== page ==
Jonathan Mandell, The Faster Times: There are two main aesthetic reasons I can think of to justify Mann’s reinterpretation of “A Streetcar Named Desire” through multi-racial casting – – to have the audience look at a classic work in a fresh light, thereby adding to our understanding of it; and to give us the chance to see great actors in roles normally closed to them. The director clearly achieves the first aim. She is only partially successful in the second.
Michael Musto, Village Voice: In all of its shades, Emily Mann's production mines the rich humor in the play (yes, Williams wanted you to laugh a lot) while also going for a grounded, conversational approach that avoids hokey mannerisms...Mann takes [the cast] (and Daphne Rubin-Vega as the conflicted Stella and Wood Harris as the disillusioned Mitch) through a Streetcar whose straightforward approach deprives us of a central battle royale but whose admirable affection for the text still merits the kindness of strangers.
Jeremy Gerard, Bloomberg: But you want to know about Underwood, and why not? It’s not as though Brando himself didn’t distinguish Stanley as an icon of brute sexual charisma, and on that score Underwood certainly delivers the goods. Just listen to the gasps and sighs emanating from the audience when he strips to an undershirt or less.
Robert Feldberg, The Record: There's little poignancy in the performance. When Blanche goes crackers at the end, it seems to come out of nowhere, rather than being the inevitable result of a long slide. [...] Blair Underwood, another performer from films and TV who is normally a sensitive actor, overdoes Stanley's macho-ness to the point of excluding any other qualities.
Elisabeth Vincentelli, NY Post: But Stanley also needs to have a feral charm and a touch of insecure neediness — otherwise, it’s hard to see why he’d feel threatened by Blanche, or why Stella would stay with this wife-beater in wife-beaters. Unfortunately, Underwood sticks to one note, and that’s brutish. Even then, it often feels as if we’re watching a fundamentally nice actor baring his teeth — and his chest — to look mean. Stanley’s rage at the world doesn’t come from deep inside.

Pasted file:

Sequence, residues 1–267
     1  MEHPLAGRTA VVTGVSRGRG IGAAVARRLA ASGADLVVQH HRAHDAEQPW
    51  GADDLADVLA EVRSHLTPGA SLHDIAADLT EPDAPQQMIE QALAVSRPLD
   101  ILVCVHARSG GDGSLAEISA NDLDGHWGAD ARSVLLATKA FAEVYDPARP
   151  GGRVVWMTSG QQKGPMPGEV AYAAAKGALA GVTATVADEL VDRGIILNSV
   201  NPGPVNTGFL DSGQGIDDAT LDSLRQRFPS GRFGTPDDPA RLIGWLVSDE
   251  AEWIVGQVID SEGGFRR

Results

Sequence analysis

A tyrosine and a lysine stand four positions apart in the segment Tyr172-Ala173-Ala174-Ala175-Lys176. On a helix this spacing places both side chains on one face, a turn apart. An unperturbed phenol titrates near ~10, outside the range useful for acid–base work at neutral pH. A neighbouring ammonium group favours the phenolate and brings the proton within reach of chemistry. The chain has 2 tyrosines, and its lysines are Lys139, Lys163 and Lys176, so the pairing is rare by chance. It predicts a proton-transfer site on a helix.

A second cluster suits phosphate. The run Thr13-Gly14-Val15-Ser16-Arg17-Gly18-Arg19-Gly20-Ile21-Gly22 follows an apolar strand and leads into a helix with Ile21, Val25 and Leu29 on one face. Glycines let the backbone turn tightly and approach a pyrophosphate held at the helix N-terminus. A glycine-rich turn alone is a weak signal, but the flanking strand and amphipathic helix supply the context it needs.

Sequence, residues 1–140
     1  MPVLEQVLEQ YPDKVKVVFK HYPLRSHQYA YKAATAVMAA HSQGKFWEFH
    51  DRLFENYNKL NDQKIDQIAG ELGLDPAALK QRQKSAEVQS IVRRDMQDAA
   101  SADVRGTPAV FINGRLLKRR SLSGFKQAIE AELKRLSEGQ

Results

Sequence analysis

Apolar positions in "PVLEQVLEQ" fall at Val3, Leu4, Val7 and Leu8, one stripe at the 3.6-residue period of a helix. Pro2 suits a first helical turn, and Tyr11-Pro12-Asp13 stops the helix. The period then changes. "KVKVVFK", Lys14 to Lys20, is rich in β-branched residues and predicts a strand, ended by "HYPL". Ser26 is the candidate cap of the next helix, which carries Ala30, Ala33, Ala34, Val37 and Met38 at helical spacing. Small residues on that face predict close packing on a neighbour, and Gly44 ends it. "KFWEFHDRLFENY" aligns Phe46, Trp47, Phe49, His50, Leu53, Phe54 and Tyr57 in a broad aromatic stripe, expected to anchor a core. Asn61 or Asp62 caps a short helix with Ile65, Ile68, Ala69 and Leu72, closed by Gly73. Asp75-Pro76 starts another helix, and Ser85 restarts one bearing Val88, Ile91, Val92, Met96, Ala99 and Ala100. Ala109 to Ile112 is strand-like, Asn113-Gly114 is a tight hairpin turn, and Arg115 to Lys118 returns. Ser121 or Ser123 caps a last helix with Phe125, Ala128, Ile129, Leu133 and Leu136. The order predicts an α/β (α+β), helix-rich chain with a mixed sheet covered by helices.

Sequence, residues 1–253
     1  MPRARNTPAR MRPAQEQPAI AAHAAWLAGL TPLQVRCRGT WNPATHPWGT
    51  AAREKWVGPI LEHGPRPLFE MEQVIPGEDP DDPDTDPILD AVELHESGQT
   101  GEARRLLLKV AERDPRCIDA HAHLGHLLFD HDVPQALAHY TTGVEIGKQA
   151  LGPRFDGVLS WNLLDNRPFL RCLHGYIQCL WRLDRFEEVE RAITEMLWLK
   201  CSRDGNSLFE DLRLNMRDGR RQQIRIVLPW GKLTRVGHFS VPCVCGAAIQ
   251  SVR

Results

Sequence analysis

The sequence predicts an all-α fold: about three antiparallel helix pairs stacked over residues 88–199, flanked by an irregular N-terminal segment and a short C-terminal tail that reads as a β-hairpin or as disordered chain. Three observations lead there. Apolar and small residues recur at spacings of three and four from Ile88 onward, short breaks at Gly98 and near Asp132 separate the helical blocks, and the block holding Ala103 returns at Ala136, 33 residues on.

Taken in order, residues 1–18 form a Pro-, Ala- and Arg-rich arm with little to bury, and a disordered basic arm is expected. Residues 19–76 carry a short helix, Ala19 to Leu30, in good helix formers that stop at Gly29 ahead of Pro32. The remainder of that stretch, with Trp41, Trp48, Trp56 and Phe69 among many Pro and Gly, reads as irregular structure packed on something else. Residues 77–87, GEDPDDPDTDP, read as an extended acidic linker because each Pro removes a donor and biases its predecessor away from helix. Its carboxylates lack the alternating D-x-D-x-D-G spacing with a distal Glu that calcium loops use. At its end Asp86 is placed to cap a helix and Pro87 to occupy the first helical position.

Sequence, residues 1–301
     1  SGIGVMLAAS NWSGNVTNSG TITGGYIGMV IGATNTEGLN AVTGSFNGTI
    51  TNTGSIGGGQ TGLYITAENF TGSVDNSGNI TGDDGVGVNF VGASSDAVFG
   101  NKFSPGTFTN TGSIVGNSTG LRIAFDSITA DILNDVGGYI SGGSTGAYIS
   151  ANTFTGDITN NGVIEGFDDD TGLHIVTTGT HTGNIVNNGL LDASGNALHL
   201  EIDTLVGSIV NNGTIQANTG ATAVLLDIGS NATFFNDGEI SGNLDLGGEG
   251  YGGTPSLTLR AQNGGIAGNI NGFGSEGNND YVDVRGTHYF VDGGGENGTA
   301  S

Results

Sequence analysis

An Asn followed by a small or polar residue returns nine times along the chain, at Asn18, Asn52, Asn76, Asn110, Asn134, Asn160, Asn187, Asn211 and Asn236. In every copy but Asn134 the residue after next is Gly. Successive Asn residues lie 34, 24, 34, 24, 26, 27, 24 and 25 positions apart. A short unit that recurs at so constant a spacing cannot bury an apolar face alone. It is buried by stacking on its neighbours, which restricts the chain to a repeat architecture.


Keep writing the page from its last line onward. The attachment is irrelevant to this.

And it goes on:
Elysa Gardner, USA Today: It's telling that Blanche DuBois, one of the most famous neurotics in American literature, sometimes comes across as the least hysterical person on stage — or maybe just the least aggressive in her hysteria. As summoned by director Emily Mann, whom Williams befriended and worked with late in his life, the French Quarter, where Blanche visits her sister, Stella, is a raucous place, with people forever laughing or fighting, making love, or stomping and whining in agitation.
Linda Winer, Newsday: Of all the plays currently not begging to be revived in New York, the oft-seen "A Streetcar Named Desire" must be near the top of the give-it-a-rest list. [...] But director Emily Mann and Stephen C. Byrd, the producer responsible for Broadway's 2008 all-black "Cat on a Hot Tin Roof," have put together a solid, credible, more aggressive than poetic "Streetcar" starring Nicole Ari Parker as Blanche DuBois and a glistening-buff Blair Underwood as Stanley.
Chris Jones, Chicago Tribune: But the main reason Mann's approach works is that Williams was writing about the temporal ebbs and flows of class and wealth, the appeal of fantasy and the pull to the bottom of raw sexual desire. Those themes are hardly race-bound. Nor should Williams' poetry be the province of white actors; at this juncture, this iconic American play should and can, like Shakespeare's masterworks, stand up to multiple styles and conceits.